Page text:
Adelaide-raised Philip White has been a Japanese resident for 16 years and is now international liaison officer for CNIC. In an email to me, Philip writes, "The current situation was predicted by scientists. The scientists and non-government organisations like CNIC have warned of the double whammy of earthquakes and nuclear disaster." He points out the obvious contradiction of safe action now: "In many ways the response required to an earthquake (get out of weak buildings) is the opposite to the response required to a radiation accident (stay inside). Evacuation is complicated by the destruction of infrastructure. This is all common sense, but the government and nuclear industry refused to heed the warnings."

CNIC's co-director Hideyuki Ban is one of the few critics of nuclear energy on a formal policy review council created last December. "The original intention was to make only minimal adjustments," Philip White says. "That direction must be completely changed. The main focus should be how to achieve a smooth phase out of nuclear power."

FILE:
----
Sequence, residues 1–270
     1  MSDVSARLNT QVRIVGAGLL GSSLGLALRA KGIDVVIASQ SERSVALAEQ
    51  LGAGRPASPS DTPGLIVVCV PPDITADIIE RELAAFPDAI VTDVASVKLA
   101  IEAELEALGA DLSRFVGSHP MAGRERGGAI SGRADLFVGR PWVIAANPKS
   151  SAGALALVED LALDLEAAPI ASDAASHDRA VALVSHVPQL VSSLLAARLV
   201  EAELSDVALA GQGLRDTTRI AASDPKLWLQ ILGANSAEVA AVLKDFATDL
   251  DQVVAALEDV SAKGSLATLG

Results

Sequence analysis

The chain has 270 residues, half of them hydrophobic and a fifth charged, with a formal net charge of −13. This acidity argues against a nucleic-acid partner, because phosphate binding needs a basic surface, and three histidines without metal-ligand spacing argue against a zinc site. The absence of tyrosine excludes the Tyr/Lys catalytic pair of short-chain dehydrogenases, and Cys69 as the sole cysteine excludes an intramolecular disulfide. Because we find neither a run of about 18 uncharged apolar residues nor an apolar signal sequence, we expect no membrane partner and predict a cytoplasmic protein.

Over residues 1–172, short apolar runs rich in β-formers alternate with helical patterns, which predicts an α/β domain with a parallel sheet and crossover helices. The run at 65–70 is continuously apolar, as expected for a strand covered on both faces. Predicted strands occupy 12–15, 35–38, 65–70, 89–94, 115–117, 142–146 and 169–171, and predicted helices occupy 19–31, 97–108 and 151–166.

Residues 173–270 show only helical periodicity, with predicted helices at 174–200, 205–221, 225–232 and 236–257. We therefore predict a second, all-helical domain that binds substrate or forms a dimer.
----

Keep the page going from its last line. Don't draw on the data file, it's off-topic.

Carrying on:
When I asked whether there was anything else he would like us to know in Australia, he replied, "Australians are being told that it couldn't happen in Australia. Australia might not be prone to earthquakes, but I don't think I have to remind Australians about the many other types of natural disaster to which it is prone. These all pose risks to nuclear power stations and to managing nuclear disasters."

You take a simple principle like warming a baby's bottle with a blow torch, and then spend enormous sums of money trying to guess what can go wrong, including devastating a region the size of Europe, or Japan, calculating risk, dismissing probabilities of, say, a 9.0 Richter Scale earthquake close to your doorstep, a tsunami that washes out your diesel generators and affects 1800 km of coastline, and now you have a nuclear, human-made disaster on top of an appalling natural disaster, without the infrastructure support (as basic as a road you can drive down) to act.

There must be easier ways. They're called renewable energy.